This piece is based on a video that includes eight brief clips. Four of them show different speakers starting some pretty unimpressive speeches.
We then see each of them filmed again after receiving some simple professional presentation advice.
On the surface, you may wonder why we have pulled them into one stream. Two are preparing speeches for social occasions: a wedding and a funeral. The others are for professional purposes: an internal HR briefing/presentation and an advertising meeting.
There are all sorts of other superficial differences. Two are given standing up and two sitting down. Two are women, two are men. Two are holding notes in their hand, two are not. Two arrived relatively confident, two nervous and shy.
And yet, ultimately, writing and delivering a great speech isn’t rocket science. It always comes back to the two same challenges:
1) Can you make it relevant to your audience?
2) Is it clear what you are saying and why you are saying it?
The best man in these clips starts quietly, staring at his notes. So does the eulogy which comes across as a series of facts, lacking emotion. In both cases, the original script doesn’t make an emotional connection. And it’s exactly the same with the business speeches. The HR professional rushes through a list presented as a lexicon of HR jargon. She’s rushing because (as she admits) she’s embarrassed by how dull it all sounds.
The lesson is simple but often ignored. A speech is only worth delivering if it is built around the needs of the audience. What do they already know? What will inspire them? What will they find amusing? What do you want them to remember? These questions remain relevant whether you are opening a conference or standing to speak after a boozy dinner.
Relevance also means avoiding some of the typical public speaking sins. Like ‘listing’ facts and reams of thank yous. And over-using the word ‘I’. And acronyms.
In the ‘after’ clips, each of the speeches becomes instantly more relevant. The eulogy taps into an emotional link with the audience. The HR professional reminds her colleagues what they have to gain from her subject. A more relevant script makes them both more confident in their delivery. The improved eye contact, body language and pace are all made easy by the belief that their audience might now be interested in what they are going to say.
Even relevance is of limited benefit without clarity. Not just clarity of writing and delivery, but also of thinking. Clarity means prioritising your messages so that your audience understands what matters most. It means focusing less on what happens on more on why. It means brevity – ensuring your key points are not suffocated.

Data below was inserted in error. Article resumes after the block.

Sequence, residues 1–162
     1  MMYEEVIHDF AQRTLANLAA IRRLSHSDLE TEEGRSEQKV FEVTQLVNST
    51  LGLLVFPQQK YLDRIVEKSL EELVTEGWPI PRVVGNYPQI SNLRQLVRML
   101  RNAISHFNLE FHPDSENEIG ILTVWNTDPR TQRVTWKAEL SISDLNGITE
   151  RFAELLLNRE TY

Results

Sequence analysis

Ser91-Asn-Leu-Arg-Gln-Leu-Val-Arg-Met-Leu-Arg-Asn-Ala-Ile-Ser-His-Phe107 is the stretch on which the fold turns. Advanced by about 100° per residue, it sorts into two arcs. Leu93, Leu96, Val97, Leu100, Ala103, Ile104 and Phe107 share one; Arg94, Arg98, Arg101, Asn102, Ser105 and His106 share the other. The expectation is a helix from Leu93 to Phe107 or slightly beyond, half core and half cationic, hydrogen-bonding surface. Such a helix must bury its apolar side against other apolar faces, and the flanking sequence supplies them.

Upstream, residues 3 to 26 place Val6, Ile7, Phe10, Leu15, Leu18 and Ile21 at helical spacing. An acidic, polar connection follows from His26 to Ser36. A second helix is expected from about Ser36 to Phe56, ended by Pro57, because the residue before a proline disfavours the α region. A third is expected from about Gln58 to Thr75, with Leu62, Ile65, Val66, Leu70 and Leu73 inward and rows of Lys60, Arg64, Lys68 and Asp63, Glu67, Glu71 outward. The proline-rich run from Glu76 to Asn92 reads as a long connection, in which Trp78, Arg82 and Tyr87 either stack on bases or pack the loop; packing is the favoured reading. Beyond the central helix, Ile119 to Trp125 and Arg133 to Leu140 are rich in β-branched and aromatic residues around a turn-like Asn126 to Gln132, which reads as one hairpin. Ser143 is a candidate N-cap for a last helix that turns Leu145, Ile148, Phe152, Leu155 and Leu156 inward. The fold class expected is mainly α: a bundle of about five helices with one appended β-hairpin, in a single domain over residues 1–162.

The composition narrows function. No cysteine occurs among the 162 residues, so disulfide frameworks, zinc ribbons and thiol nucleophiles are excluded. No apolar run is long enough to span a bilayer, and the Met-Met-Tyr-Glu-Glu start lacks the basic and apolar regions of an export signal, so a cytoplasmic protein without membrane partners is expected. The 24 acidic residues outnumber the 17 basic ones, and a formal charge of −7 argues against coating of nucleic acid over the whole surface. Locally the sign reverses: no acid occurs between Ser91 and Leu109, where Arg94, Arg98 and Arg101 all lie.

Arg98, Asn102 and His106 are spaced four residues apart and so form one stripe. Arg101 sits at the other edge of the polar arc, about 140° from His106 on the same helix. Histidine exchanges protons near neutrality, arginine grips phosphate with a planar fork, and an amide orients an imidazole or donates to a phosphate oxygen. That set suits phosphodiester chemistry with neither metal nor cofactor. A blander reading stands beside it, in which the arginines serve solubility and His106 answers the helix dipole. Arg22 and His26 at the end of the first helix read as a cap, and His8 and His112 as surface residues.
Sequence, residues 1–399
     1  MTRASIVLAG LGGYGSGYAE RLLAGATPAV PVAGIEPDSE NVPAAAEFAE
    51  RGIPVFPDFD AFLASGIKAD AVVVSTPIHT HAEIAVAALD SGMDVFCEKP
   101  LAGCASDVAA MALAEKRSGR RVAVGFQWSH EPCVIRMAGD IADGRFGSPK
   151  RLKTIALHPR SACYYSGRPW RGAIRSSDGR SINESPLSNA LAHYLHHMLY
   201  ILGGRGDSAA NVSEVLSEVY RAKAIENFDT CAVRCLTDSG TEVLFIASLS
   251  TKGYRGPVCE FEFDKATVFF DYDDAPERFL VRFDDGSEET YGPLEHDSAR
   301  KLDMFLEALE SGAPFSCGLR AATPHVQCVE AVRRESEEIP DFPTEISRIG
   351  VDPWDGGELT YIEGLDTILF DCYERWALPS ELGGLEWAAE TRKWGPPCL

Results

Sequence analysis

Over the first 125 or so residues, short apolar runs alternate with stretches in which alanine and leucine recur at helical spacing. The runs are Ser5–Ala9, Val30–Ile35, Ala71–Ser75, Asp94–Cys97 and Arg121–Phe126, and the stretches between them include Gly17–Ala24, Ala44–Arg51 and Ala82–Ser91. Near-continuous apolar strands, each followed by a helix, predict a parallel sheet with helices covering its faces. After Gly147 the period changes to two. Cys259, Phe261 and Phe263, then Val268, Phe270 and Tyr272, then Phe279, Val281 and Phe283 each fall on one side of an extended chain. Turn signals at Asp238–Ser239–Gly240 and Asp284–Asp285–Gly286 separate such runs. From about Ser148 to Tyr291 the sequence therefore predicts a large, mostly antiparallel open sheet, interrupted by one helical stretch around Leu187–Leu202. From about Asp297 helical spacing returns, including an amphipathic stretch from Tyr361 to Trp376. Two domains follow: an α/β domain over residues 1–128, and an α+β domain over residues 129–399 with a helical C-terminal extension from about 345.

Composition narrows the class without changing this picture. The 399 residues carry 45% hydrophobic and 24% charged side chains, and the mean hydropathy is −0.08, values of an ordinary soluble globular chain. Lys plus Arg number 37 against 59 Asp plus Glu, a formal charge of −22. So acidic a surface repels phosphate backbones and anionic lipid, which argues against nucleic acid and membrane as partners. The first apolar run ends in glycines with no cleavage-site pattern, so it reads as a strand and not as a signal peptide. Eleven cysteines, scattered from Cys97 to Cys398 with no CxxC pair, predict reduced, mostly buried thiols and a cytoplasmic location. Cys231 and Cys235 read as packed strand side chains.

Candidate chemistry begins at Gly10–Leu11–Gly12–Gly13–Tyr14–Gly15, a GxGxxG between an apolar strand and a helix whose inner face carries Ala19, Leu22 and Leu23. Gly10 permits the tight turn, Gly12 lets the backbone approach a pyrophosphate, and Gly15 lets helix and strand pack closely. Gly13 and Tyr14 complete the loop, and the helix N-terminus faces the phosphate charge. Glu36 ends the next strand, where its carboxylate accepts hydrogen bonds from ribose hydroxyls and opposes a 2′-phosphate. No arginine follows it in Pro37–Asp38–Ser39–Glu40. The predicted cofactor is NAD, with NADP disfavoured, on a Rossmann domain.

The advertising director creates clarity by reminding his client of the brief and contextualising what follows. The best man demonstrates balance – he is going to praise his friend before having a joke at his expense.
Meanwhile, the style shifts in all four cases to create clarity. Long sentences are replaced by shorter punchier soundbites. These enable all four speakers to pause for longer. The pausing allows time for eye contact and, where a appropriate, a smile or two. It also facilitates emphasis. We all push certain words harder when we are speaking naturally and then fall into monotone when nervous in front of a crowd. The best man starts his second clip enthusiastically: “Good AFTERnoon everyone!” It’s clear that we’re about to have some fun. Clarity of writing, creates clear delivery. Which increases the likelihood that your audience will actually listen.
This is not a definitive list to propel every speech to the moon. But it’s a start. The four speakers were trained for up to 90 minutes. Each could, by their own admission, improve their presentation much further. But the key conclusion to this piece is that the techniques that can rescue a best man from embarrassment are no different to those helping the HR director communicate her message to her team. A eulogy can be improved in similar ways to the advertising pitch. Great speeches don’t start with facts and figures. They start with an audience. Working backwards from that point is the key to almost everything. It creates relevance, allowing clarity to unlock the door to understanding.